Expectations often differ from what actually comes to fruitionin the volatile arena of natural gas futures, and yesterday thatpoint was driven home when a bullish combination of slow-to-resumesupply outages met with a smaller-than-expected storage refill.Traders chased the market higher most of the day, and advances inthe evening computer trading Access session nearly matched theregular pit-trading gains. The November contract received thelargest boost, rocketing 16.8 cents to post a final trade of $2.515last night after briefly settling at $2.433 earlier in the day.

The market wasted little time Wednesday morning setting the toneby gapping higher at the open as unconfirmed reports of moreserious supply disruptions filtered through the market. That,coupled with strong October cash pricing was enough to spawn freshbuying and short-covering activity that propelled the market higherinto the closing bell.

But the real news of the day came after the settle yesterday inthe form of the weekly AGA storage figure. Below most industryexpectations, the 41 Bcf injection was met met with follow-throughbuying when trading resumed last night.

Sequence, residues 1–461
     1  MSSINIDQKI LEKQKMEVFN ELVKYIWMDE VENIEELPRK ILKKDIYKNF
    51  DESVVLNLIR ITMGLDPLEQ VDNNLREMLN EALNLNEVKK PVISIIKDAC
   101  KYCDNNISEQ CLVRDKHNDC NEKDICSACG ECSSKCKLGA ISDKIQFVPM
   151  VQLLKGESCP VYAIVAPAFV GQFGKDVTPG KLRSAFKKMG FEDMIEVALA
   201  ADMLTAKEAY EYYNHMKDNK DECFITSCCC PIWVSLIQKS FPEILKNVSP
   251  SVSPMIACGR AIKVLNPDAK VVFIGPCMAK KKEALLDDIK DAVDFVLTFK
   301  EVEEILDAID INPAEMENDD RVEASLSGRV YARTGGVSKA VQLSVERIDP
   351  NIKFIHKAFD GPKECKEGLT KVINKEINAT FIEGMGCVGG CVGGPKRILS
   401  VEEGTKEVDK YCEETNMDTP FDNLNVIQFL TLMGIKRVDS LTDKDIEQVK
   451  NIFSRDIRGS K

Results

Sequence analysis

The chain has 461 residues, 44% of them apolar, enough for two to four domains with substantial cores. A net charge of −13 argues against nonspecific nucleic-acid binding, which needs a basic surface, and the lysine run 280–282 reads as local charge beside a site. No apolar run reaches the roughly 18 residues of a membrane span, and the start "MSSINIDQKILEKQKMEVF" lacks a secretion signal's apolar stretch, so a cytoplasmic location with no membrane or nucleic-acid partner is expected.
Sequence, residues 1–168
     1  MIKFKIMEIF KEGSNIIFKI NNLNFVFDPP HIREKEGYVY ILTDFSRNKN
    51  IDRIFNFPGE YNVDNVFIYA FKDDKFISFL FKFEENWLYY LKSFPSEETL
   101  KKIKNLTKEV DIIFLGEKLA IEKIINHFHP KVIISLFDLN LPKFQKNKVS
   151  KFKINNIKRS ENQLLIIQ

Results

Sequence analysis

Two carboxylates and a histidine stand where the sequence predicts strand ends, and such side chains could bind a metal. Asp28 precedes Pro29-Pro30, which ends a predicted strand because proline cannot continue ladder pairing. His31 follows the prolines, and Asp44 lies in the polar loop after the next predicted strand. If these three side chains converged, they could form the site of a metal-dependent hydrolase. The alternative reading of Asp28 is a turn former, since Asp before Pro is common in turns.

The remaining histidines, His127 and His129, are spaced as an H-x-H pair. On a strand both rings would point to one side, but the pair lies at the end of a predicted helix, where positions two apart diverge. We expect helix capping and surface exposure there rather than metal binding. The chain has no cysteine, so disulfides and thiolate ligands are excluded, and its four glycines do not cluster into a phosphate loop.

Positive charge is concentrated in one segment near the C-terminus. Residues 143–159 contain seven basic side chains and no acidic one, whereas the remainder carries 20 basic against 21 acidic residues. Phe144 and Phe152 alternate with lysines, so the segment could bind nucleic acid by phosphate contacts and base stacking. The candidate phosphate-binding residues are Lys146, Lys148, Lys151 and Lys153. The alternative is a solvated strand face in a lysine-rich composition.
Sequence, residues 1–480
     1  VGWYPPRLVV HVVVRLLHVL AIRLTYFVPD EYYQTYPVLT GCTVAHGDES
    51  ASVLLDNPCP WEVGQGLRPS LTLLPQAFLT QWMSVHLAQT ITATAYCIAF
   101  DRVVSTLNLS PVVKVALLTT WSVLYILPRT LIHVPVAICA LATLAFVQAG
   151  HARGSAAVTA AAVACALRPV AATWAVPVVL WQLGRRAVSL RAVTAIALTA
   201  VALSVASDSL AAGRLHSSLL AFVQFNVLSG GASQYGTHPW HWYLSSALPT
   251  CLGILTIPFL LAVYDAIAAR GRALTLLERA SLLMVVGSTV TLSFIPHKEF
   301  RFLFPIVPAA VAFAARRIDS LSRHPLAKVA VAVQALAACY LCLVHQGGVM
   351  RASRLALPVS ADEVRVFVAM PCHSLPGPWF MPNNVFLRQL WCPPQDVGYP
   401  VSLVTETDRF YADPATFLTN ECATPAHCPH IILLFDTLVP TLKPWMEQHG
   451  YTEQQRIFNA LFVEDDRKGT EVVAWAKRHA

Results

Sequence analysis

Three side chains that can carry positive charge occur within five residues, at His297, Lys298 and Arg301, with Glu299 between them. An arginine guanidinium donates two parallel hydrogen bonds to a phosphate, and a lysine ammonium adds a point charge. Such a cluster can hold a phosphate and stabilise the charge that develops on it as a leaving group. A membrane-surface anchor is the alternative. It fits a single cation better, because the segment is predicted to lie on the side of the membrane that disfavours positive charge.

A California marketer points to the market’s inability to postsignificant follow-through selling because of Hurricane Georges asa turning point. “Had the October contract had another day totrade, we probably could have seen $1.80, but November came in andwas able to resist the first wave of selling. Then it became aquestion of where do we go from here, and the answer was up.”

A Houston trader pointed to November’s ability to settle abovethe $2.43 level as significant. His next target basis-November isthe $2.65 level. “But, the market might need to pull-back before arun at that level,” he said.

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